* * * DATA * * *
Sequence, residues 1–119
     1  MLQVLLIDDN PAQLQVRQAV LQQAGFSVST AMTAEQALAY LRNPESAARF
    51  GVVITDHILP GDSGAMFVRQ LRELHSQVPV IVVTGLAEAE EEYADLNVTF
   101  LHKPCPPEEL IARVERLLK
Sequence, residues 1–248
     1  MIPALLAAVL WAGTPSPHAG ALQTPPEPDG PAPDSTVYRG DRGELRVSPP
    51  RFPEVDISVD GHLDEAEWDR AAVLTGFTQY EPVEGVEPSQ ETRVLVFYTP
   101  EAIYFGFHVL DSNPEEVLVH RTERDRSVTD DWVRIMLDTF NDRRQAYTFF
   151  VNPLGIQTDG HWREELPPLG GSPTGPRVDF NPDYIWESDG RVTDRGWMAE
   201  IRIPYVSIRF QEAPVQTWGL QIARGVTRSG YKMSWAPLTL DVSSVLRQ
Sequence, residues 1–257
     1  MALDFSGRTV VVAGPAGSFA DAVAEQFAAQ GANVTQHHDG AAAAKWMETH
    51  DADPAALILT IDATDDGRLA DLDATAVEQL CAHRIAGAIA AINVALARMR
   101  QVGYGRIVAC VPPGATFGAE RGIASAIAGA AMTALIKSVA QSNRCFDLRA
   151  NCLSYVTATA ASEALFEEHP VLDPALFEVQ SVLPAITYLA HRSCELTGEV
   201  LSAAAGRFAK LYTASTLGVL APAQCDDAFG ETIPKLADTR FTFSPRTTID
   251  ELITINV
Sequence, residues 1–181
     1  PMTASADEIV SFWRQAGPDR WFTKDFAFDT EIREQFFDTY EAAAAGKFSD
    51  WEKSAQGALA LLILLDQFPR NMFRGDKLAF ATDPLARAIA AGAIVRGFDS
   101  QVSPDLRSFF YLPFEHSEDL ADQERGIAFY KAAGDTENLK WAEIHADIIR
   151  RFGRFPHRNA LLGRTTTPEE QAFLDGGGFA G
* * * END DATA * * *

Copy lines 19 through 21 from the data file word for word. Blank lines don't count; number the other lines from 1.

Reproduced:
     1  PMTASADEIV SFWRQAGPDR WFTKDFAFDT EIREQFFDTY EAAAAGKFSD
    51  WEKSAQGALA LLILLDQFPR NMFRGDKLAF ATDPLARAIA AGAIVRGFDS
   101  QVSPDLRSFF YLPFEHSEDL ADQERGIAFY KAAGDTENLK WAEIHADIIR